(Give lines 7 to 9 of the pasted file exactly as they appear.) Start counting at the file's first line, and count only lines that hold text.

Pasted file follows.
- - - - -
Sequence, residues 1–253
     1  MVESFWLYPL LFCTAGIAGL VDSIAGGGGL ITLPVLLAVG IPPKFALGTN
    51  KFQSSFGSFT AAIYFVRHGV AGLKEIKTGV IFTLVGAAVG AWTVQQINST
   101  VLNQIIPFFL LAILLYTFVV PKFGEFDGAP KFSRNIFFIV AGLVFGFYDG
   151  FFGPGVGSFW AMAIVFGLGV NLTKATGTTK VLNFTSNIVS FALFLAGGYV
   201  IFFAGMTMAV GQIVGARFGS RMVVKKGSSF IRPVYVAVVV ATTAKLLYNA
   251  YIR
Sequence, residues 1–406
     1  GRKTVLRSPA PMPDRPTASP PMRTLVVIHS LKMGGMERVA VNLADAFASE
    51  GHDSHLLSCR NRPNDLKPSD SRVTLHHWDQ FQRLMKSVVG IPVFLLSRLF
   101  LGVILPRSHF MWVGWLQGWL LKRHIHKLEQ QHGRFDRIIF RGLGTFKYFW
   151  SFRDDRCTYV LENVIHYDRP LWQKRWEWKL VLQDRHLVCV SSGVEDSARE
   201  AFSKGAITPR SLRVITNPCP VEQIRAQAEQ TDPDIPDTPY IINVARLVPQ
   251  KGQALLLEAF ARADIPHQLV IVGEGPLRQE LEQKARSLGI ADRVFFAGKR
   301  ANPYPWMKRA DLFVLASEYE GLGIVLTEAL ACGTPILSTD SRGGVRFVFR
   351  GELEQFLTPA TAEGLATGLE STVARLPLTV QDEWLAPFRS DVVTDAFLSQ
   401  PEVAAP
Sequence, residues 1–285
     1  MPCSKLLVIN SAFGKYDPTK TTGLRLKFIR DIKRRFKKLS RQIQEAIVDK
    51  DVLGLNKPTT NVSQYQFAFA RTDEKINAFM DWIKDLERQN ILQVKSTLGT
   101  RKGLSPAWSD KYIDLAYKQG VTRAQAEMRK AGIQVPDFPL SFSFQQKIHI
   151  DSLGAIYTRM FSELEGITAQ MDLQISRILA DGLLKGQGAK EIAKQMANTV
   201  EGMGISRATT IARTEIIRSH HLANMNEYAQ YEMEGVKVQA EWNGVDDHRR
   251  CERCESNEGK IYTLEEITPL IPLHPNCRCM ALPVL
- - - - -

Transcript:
   251  YIR
Sequence, residues 1–406
     1  GRKTVLRSPA PMPDRPTASP PMRTLVVIHS LKMGGMERVA VNLADAFASE